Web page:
Instead of a man being hit so hard at the back of the neck that he either fell or was thrown down a flight of stairs in the hallway, this tale tells of gas lit windows, honor being defended, and men taking their positions in the yard. The article also calls Mitchell by the name Michael and in this version it is Gallagher who insults Hills' wife instead of the other way around. It is also states that Hills and Douglas called for the ambulance and the police when other articles state that it was Gallagher's wife and son (my grandfather) who made the call. Again all typos are from the article itself.
CALLED FROM DANCE TO FIGHT A DUEL
Host, Unknown to Guests, Leaves Gay Party and Does His Enemy to Death.
While half a hundred guests made merry at his home in Brooklyn James Hills fought a duel to the death with Michael Gallagher by the light which streamed from the gas lit windows.
The home of both men was at 176 Melrose street, and they were enemies, the police say, ever since Hills first accused Gallagher of insulting his wife. That was several years ago, but friends had kept the two feudists apart.
Hills gave a party in his flat on the ground floor. About fifty friends, men and women, were there to help him celebrate a family anniversary. The company was eating and drinking at the height of the merrymaking, about 10 o'clock, when there came a knock at the door. Gallagher, who had come downstairs, called Hills outside.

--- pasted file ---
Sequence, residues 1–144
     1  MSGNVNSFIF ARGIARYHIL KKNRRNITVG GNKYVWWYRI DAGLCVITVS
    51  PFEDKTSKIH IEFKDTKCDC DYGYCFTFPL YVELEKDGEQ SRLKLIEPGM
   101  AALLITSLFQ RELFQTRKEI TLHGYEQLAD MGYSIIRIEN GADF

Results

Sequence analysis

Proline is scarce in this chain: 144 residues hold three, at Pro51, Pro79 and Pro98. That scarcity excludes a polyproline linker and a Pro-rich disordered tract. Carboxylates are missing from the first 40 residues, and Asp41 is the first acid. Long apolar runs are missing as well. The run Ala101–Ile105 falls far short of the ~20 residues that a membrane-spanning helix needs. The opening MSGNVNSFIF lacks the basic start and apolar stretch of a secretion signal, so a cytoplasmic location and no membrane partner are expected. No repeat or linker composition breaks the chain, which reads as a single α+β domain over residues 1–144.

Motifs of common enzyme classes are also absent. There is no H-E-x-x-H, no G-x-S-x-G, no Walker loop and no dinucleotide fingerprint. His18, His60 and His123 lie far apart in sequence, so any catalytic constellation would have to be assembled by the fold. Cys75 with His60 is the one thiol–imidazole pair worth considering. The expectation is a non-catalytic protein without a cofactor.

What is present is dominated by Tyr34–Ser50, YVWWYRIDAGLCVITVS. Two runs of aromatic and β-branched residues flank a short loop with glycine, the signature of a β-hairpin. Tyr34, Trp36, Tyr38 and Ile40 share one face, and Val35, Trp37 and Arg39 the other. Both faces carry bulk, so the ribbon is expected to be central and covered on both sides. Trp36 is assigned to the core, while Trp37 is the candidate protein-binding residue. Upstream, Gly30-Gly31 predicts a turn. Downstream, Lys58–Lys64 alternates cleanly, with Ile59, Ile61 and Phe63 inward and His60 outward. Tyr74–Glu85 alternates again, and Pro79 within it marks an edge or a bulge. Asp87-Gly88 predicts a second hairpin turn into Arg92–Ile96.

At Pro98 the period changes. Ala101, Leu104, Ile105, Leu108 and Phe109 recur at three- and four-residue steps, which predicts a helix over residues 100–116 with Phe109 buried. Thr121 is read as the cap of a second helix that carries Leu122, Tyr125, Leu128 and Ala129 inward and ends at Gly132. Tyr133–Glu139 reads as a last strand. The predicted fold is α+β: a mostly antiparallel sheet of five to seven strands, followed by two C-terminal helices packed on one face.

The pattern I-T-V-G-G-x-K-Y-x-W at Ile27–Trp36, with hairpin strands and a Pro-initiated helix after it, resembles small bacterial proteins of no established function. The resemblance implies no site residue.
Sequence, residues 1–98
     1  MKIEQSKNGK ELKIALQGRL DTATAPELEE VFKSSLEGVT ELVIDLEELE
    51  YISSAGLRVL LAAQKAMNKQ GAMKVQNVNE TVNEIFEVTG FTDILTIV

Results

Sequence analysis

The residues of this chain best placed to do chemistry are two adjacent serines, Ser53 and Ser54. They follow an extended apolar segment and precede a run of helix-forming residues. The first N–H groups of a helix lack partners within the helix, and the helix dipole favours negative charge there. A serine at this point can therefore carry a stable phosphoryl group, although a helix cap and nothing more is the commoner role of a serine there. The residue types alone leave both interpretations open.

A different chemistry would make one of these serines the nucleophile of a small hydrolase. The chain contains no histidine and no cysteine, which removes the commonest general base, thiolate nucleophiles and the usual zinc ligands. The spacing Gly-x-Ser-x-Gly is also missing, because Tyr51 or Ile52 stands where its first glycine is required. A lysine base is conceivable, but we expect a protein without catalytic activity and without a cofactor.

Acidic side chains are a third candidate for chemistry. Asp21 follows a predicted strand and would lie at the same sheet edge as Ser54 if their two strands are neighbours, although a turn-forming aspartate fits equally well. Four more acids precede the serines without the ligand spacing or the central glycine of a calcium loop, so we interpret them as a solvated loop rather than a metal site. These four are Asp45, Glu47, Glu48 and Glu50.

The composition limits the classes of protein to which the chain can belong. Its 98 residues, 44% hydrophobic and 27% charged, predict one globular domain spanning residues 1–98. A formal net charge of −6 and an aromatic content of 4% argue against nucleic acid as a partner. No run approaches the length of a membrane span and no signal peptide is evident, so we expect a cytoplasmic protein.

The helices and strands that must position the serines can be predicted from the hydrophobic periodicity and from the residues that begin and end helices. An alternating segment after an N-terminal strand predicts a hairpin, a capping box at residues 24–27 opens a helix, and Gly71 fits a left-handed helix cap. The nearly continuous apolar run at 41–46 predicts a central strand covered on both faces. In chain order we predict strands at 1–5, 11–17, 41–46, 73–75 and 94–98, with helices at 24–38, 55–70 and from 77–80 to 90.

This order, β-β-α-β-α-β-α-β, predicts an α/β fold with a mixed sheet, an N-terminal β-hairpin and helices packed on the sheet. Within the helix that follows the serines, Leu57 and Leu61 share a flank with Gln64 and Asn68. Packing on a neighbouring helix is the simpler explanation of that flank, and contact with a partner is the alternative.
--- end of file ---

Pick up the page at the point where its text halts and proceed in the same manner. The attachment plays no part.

"I don't want to spoil your little party," he said, "but we have something between us that nothing but a fight can settle, and I want to settle it now. Come out in the courtyard quietly, and we will finish this feud."
Hills was agreeable. The host went quietly back to his parlor and chose James Douglass to act as referee.
Douglass raised the shades of the rear windows so that there might be light enough to fight by. Then without a word to the assembled company and followed by the two principles he left the house and repaired to the courtyard at the back. Hills and Gallagher took their positions within the glare of the light blazing from the windows, and while the guests within, unconscious of the duel without, danced and laughed in their pleasure making the fight began.
Neither man had a weapon. Both used clinched hands, and the fight lasted but a minute. Hills, it is said by the police, swung a vicious blow, striking Gallagher full upon the chin and the latter fell to the ground.
The victor and the referee stood over the fallen man several minutes waiting for him to rise. Then, frightened, they summoned an ambulance and the police.
Dr. Holzman, who was the first to reach the scene, said that Gallagher in falling had struck his head such a crushing blow upon the stone which lay beneath that his skull was fractured. He died almost instantly.
Hills was arrested and charged with murder, and the referee was held as witness.
International Gazette. Sat, Dec 22, 1906. Page 2.
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